The monthly National Association of Home Builders/Wells Fargo housing market index fell five points in October to 54 from a September reading of 59. An index reading above 50 indicates positive sentiment about the housing market.

The Mortgage Bankers Association said its seasonally adjusted composite index of mortgage applications for the week ending October 10 rose 5.6% from the previous week. Purchase volume fell 1%. Refinancing applications increased 11%.

Retail sales fell 0.3% to $442.7 billion in September. This follows a 0.6% increase in August. Compared to a year ago, September retail sales have increased 4.3%.

Total business sales decreased 0.4% to $1,353.4 billion in August, up 4.5% from a year ago. Total business inventories rose 0.2% to $1,752.3 billion in August, up 5.7% from a year ago. The total business inventories/sales ratio in August was 1.29.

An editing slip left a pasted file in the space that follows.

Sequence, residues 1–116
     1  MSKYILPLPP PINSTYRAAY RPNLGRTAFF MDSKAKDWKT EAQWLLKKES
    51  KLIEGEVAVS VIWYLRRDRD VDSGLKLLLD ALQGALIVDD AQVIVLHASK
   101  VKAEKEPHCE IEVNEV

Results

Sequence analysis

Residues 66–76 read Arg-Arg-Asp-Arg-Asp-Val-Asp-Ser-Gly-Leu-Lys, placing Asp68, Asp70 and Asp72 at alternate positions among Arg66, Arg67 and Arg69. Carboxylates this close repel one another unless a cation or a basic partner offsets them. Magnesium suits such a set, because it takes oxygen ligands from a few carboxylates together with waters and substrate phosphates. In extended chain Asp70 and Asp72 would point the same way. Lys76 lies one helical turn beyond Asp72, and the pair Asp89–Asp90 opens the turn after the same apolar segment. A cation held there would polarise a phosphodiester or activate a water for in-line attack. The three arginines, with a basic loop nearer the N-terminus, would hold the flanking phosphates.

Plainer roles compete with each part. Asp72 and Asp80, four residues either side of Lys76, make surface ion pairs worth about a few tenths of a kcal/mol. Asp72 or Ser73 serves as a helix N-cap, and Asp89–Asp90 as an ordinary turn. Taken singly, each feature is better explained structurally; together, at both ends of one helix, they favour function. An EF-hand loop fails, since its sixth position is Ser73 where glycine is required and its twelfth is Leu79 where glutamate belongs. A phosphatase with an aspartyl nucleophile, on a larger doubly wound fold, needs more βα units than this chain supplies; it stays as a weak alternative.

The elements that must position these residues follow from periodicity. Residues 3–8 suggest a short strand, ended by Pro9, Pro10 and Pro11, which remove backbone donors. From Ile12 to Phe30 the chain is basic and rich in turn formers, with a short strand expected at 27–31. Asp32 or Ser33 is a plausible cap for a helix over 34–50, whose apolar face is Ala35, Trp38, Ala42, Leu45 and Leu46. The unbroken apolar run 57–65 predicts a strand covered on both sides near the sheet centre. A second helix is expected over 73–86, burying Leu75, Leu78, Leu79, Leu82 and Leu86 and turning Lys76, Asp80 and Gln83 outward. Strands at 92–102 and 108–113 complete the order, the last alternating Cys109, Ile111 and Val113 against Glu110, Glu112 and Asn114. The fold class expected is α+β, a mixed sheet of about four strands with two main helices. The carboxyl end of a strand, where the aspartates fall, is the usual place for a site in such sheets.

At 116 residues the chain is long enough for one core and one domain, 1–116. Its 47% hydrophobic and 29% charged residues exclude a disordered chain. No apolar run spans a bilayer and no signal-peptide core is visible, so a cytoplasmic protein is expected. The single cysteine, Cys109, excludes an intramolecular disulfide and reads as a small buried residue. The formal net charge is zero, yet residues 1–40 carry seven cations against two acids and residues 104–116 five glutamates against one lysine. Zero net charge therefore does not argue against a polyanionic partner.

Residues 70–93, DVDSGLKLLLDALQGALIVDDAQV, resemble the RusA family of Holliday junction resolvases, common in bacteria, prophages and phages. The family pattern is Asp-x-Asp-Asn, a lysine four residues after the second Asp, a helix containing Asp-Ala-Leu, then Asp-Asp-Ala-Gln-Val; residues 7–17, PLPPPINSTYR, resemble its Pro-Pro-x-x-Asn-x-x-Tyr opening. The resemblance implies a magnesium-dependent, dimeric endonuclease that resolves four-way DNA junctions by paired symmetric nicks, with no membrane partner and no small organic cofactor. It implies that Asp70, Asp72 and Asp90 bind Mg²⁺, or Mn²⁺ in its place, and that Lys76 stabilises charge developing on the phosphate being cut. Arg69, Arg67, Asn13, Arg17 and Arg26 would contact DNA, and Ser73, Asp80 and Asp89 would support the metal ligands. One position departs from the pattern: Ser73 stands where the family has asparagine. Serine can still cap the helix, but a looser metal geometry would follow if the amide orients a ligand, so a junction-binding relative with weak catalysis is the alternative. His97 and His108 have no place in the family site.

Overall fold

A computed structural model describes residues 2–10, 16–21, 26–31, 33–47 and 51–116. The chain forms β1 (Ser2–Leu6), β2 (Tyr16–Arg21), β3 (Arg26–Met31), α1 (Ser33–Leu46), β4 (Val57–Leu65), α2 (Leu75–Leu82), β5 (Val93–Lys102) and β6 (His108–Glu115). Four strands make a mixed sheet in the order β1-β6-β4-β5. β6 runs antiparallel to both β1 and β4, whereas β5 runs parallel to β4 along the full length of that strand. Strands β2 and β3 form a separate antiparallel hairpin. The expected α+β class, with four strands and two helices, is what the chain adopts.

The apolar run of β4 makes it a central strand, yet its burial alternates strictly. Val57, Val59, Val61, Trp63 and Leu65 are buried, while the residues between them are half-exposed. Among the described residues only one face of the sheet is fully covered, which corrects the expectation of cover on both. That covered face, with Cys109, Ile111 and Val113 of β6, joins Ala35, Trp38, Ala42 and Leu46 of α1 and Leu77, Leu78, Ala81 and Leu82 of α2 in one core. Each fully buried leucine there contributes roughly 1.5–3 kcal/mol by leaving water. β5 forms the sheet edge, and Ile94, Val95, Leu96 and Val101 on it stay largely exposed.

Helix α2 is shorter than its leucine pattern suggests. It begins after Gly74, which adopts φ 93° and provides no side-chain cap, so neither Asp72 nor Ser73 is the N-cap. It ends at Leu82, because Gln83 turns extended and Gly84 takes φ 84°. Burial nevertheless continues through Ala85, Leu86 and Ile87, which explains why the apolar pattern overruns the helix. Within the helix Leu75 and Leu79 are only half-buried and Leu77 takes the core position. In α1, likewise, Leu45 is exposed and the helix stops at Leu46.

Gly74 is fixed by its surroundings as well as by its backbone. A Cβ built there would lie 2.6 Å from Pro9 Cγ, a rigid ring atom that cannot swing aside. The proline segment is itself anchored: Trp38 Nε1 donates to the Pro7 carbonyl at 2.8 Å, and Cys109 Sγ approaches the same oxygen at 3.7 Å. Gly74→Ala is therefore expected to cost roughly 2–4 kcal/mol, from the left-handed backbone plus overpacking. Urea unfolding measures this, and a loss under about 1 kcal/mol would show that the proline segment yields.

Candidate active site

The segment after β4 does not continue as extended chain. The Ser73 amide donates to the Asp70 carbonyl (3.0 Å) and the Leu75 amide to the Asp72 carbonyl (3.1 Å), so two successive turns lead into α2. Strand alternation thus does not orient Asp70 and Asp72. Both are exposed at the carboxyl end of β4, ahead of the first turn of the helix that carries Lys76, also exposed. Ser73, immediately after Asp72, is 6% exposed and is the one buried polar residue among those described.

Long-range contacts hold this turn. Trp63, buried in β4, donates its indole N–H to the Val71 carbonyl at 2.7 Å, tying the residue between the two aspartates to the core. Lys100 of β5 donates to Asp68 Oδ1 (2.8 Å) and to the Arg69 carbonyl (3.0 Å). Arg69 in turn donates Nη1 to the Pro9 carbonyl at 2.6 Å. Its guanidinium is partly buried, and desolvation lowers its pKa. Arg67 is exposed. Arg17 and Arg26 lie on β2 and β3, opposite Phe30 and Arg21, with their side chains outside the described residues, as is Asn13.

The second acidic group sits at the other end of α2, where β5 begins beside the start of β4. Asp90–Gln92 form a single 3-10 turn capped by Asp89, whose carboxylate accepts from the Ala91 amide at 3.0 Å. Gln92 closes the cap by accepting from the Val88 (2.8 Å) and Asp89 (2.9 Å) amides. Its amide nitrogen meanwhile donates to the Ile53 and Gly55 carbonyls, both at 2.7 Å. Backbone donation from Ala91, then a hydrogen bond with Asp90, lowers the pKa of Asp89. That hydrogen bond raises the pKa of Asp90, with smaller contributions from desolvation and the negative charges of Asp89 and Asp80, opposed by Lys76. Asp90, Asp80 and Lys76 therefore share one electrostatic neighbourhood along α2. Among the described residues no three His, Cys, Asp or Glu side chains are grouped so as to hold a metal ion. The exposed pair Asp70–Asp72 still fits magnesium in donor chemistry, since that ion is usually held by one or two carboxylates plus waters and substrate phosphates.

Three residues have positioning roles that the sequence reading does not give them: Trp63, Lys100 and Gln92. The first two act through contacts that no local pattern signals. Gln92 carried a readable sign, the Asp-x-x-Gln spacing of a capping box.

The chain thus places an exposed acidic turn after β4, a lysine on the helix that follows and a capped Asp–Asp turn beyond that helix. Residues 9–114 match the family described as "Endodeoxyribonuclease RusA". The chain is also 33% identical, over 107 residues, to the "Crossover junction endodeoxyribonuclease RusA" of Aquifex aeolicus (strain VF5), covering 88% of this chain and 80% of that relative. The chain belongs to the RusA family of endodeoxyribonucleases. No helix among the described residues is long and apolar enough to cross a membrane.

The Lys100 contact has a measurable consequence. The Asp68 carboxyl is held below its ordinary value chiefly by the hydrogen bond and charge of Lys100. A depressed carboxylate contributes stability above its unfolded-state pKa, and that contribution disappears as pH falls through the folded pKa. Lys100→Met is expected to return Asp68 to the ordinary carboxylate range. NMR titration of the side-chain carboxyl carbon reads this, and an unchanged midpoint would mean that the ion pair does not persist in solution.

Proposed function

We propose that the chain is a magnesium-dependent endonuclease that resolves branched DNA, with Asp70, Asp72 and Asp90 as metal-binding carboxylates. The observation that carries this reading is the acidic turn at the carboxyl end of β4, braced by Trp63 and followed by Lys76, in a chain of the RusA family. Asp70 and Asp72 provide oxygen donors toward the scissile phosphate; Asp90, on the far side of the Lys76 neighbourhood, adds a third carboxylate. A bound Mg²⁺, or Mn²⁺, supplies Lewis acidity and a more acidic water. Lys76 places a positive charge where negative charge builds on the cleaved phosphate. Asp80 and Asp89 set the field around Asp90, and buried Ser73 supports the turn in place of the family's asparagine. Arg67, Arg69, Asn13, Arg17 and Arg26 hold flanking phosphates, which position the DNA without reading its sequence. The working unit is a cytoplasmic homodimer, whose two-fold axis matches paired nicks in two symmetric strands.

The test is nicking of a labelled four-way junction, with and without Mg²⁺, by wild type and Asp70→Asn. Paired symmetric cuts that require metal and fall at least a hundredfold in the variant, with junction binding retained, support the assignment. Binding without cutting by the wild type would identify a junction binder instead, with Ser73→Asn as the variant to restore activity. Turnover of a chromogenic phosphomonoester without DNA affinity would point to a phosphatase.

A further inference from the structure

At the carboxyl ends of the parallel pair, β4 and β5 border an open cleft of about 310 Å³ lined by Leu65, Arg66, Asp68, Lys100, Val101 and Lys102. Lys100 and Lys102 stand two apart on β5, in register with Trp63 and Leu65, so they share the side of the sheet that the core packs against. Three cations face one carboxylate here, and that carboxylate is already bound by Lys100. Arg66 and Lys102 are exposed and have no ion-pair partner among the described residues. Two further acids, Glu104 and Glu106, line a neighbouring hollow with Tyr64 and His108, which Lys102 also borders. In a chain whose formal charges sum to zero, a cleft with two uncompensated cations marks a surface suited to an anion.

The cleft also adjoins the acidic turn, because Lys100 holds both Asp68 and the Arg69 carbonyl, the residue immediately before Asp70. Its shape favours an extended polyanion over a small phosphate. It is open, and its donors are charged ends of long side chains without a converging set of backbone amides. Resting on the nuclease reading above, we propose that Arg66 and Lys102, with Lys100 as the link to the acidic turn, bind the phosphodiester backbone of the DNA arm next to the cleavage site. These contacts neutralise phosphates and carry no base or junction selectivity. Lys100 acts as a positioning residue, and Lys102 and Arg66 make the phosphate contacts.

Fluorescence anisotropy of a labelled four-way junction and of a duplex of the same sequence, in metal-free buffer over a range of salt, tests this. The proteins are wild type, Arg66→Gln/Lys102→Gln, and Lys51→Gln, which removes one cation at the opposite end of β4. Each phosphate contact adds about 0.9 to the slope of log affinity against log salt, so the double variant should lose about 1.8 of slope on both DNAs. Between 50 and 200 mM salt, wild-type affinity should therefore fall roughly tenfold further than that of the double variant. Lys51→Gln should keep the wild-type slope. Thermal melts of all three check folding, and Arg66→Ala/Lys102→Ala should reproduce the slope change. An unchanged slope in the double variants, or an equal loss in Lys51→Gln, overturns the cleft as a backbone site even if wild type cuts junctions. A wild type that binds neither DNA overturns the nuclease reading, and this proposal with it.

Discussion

Industrial production at the nation’s factories, mines and utilities rose 1% in September after a revised 0.2% decrease in August. Compared to September 2013, industrial production has increased 4.3% over the last year. Capacity utilization rose to 79.3% in September from 78.7% in August.

Initial claims for unemployment benefits for the week ending October 11 fell by 23,000 to 264,000, the lowest level since April 2000. Continuing claims for the week ending October 4 rose by 7,000 to 2.389 million. The less volatile four-week average of claims for unemployment benefits was 283,500, the lowest level since June 2000.

Upcoming on the economic calendar are reports on existing home sales on October 21 and new home sales on October 24.

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Mortgage Market Guide Weekly – October 20, 2014

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Last Week In Review